An iconic representation of the counterculture, Easy Rider is also a milestone in the history of the American independent cinema. Made on what would seem to be a true shoestring budget, this simple distillation of the doomed rebels of one era almost stings the viewer today with its intelligently sober-eyed, dismayed and dismally realized denouement. Fonda reportedly approached Bob Dylan for permission to use his song "It's All Right Ma (I'm Only Bleeding)" but when Dylan asked for details about the film, and especially its conclusion, he refused. When Fonda protested, Dylan is said to have remarked, "You have to give them [the counterculture] hope. Hope for a future." Fonda said coldly, "They don't have one." So the story goes. As a result, Dylan's song is in the film but it's performed by Roger McGuinn.
The direction by Hopper is wily and resourceful, and the performances are either completely sound or in the outstanding case of Nicholson, truly riveting. The psychedelic narrative is both deceptively dense and fantastically nimble. The film's rock 'n' roll pacing gives this road trip of a movie its roaring engine. Easy Rider is both annular and linear: visuals repeat themselves, casually reappear, seem to mean little at one moment and then gradually gain in import; meanwhile, the story progression never ceases as one memorable scene quickly follows another. Hopper immediately gains our attention with sharp actions based in deeply meaningful imagery. The shot of the watch being thrown into the ground is as captivating as it has ever been, nearly four whole decades later.
The bikers find themselves in an episodic confrontation with the inner workings of society and its basic microcosms. Early in the film, they are guests for a rancher married to a Mexican woman with a substantial number of offspring. The rancher represents the gentlemanly Christian, saying grace before the meal with the guests, and behaving as kindly as possible despite being occasionally annoyed by the loudness of the bikes and the less-than-fully-tactful ways of the motley pair. Wyatt is only able to mutter, "You do your own thing in your own time." Wyatt and Billy, despite superficially fitting in with a commune of free-love hippies, fall terribly short of the ideal. In the end, they too are themselves motivated by entrepreneurial and individualistically-minded agendas and less the victims of capitalism than its beneficiaries and unwitting banner-carriers.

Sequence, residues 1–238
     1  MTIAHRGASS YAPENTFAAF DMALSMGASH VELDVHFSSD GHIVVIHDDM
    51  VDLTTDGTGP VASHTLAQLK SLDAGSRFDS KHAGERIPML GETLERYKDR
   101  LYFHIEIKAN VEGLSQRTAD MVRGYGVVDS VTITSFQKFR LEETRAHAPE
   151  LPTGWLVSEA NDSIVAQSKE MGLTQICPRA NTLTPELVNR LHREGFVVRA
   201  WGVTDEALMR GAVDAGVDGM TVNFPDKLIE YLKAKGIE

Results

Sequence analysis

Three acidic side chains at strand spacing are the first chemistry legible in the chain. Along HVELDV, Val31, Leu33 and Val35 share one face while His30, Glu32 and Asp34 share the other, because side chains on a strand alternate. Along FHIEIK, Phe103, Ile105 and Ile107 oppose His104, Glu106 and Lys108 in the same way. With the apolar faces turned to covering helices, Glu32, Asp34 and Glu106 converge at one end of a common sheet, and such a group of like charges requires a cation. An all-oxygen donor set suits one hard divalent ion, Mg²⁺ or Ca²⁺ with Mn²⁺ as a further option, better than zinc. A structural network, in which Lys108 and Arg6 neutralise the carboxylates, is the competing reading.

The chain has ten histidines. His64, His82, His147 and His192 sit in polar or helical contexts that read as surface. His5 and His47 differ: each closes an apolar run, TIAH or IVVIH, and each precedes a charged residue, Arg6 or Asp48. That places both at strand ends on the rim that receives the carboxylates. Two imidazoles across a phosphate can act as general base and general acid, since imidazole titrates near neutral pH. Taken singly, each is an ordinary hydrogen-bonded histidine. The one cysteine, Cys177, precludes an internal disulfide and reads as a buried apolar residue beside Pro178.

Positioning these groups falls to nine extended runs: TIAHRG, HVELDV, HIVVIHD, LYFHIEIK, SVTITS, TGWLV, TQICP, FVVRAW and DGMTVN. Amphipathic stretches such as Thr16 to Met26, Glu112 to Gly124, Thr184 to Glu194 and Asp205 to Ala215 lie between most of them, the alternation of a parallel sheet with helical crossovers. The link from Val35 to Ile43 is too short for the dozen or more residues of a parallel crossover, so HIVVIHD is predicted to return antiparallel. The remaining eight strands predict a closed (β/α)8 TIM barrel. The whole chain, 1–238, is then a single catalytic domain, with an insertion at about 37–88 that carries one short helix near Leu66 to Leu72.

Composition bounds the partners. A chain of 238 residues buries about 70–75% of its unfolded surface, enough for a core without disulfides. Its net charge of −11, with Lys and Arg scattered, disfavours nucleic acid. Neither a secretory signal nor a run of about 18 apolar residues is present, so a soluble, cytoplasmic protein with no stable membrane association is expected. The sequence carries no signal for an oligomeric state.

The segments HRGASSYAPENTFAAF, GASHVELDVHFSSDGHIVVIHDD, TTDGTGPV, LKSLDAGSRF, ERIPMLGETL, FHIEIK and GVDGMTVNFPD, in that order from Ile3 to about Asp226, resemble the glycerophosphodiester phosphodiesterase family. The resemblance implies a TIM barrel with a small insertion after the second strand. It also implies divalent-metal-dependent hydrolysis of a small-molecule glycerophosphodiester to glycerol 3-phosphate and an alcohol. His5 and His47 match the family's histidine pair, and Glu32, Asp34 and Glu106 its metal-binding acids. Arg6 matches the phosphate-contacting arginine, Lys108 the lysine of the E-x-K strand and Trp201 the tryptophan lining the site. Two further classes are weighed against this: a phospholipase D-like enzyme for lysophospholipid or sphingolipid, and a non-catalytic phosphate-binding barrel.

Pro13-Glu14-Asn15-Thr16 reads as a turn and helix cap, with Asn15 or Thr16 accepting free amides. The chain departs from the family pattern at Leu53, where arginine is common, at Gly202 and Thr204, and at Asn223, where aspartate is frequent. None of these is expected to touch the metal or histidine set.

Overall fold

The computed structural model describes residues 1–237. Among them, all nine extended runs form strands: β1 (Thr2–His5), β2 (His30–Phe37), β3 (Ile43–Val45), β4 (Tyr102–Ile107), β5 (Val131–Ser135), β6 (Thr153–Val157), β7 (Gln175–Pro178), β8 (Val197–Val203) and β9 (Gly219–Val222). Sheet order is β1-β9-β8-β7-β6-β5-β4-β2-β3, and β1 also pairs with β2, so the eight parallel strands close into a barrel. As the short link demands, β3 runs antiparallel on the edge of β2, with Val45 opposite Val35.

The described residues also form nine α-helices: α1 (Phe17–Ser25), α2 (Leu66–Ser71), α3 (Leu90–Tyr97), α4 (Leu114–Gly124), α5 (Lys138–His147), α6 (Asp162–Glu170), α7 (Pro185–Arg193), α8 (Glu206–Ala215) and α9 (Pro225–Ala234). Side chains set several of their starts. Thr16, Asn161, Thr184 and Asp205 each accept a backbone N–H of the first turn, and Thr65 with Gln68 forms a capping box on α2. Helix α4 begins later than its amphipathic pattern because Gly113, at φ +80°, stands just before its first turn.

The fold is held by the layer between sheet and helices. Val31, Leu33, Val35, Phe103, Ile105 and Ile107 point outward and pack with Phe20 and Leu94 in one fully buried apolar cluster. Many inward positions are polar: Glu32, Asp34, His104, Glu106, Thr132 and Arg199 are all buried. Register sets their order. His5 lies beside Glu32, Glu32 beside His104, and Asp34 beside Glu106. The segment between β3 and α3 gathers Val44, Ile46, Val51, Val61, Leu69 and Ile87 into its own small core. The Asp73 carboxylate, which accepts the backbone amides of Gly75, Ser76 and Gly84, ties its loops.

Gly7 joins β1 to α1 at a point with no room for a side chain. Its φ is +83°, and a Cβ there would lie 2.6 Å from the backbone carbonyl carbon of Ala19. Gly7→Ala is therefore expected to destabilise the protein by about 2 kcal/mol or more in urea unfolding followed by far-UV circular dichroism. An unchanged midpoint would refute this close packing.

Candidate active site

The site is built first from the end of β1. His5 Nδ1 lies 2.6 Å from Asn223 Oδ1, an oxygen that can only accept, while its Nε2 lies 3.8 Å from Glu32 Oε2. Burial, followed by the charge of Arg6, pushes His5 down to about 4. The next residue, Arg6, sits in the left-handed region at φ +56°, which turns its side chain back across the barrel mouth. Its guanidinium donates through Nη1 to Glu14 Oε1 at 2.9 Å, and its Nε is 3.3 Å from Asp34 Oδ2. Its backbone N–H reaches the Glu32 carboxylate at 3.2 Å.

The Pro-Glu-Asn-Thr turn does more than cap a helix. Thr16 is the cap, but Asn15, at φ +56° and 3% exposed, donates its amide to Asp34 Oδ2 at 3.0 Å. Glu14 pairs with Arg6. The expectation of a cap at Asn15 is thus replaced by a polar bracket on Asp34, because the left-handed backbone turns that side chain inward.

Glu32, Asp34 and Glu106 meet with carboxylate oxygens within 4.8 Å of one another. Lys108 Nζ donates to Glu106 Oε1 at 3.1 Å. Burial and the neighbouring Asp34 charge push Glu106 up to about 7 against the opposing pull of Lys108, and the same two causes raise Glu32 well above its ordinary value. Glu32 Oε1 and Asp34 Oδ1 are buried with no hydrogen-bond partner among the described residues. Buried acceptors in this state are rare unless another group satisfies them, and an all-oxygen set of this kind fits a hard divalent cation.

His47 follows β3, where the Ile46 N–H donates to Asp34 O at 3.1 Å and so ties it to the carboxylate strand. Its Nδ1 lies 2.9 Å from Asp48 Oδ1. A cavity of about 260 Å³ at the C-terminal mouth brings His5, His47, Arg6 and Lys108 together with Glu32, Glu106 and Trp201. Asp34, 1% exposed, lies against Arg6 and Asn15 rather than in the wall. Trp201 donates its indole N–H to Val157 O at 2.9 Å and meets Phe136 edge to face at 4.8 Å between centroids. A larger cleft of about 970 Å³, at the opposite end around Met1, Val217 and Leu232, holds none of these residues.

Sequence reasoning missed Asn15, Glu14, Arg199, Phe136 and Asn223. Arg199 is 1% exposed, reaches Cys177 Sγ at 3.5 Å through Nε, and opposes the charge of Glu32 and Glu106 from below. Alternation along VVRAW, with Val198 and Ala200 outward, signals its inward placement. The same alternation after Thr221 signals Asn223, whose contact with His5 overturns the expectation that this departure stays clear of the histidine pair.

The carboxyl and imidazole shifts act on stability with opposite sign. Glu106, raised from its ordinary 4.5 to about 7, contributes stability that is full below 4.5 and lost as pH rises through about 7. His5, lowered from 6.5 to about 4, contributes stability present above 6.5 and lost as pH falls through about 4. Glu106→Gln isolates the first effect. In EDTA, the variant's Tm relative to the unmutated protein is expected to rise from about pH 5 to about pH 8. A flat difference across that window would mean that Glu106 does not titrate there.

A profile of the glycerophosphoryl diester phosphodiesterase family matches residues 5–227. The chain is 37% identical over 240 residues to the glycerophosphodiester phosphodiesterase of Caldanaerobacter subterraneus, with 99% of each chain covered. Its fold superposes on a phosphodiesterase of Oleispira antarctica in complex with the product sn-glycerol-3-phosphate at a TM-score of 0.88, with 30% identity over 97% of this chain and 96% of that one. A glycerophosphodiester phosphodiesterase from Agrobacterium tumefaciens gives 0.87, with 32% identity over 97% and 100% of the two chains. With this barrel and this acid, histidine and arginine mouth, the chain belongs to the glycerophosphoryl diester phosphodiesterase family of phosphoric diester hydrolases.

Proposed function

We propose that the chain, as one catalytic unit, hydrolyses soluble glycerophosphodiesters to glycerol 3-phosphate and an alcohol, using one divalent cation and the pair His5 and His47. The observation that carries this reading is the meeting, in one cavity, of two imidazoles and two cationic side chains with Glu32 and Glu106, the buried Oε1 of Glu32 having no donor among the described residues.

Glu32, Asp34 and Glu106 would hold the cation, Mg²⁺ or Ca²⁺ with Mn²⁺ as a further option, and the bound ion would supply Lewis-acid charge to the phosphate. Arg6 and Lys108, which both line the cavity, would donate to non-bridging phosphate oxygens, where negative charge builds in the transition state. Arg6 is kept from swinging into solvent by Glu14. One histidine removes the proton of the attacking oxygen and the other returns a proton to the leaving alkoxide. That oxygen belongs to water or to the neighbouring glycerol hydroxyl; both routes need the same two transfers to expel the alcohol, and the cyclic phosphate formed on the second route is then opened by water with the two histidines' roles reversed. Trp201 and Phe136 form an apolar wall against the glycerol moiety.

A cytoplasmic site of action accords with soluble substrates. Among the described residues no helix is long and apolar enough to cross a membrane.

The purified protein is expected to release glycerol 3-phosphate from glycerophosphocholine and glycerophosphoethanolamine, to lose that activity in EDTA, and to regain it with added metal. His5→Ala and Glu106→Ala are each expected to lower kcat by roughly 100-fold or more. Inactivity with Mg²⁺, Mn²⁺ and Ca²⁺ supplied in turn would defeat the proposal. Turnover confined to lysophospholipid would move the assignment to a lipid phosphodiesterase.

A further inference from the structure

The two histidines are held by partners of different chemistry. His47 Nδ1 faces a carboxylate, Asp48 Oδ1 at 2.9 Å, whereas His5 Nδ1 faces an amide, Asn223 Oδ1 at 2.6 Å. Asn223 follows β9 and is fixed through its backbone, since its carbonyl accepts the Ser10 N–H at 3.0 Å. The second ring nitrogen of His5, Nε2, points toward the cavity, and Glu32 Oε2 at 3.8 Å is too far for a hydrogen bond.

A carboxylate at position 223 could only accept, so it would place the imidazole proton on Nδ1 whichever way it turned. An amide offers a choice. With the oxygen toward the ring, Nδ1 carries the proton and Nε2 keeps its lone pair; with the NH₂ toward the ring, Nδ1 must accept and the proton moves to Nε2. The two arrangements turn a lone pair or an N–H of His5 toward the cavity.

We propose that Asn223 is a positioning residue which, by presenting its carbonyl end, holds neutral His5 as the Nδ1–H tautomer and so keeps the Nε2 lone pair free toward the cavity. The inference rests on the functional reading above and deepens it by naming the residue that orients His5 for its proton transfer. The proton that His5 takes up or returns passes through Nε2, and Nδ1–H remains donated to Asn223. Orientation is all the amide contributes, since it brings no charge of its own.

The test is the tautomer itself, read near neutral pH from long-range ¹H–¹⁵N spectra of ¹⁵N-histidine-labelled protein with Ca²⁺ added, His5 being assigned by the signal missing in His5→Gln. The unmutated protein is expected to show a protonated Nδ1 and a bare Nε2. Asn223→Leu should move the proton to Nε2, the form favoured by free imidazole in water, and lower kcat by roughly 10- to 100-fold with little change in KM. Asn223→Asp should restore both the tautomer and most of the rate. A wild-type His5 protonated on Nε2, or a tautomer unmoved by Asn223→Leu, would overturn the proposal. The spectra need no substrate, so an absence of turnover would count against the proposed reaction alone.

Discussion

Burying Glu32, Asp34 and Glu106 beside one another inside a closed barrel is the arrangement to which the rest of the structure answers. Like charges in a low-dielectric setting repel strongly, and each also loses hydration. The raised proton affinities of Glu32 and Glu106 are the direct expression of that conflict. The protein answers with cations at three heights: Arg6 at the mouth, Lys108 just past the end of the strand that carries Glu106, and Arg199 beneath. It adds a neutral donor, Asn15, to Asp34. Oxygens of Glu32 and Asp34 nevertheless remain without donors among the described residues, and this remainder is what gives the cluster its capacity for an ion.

Easy Rider's somewhat fatalistic odyssey finds both humor and pathos in the Hanson character. Nicholson makes him fully three-dimensional whereas there are times where Hopper's bombastic, skittish and fidgety Billy and Fonda's calm, introspective and more trusting Wyatt seem excessively defined against one another. The cinematography by the great Laszlo Kovacs, who left us last year, is a kind of naturalistically rich, spontaneously-minded lighting strategy that allows the characters to somehow absorb the lonely road and integrate it into their distinct personalities. (Wyatt, "Captain America," seems more positively sure of himself even when on his bike while the anxious Billy seems to desire approval derived from camaraderie.)
The film's final judgment is a sagely dispiriting one, as the frolicking drug dealers meet their wretched fate with a kind of resigned acceptance. The submissive conclusion plays out like an extended, serene epiphany. Amidst all the turmoil and vituperation, against the backdrop of the epoch of the movement, the film's "Rosebud" moment occurs with the doped-up Wyatt sensing the disgusting truth. In lusting after the big score, and their shallow, materialistically-based dreams of grandeur, they "blew it."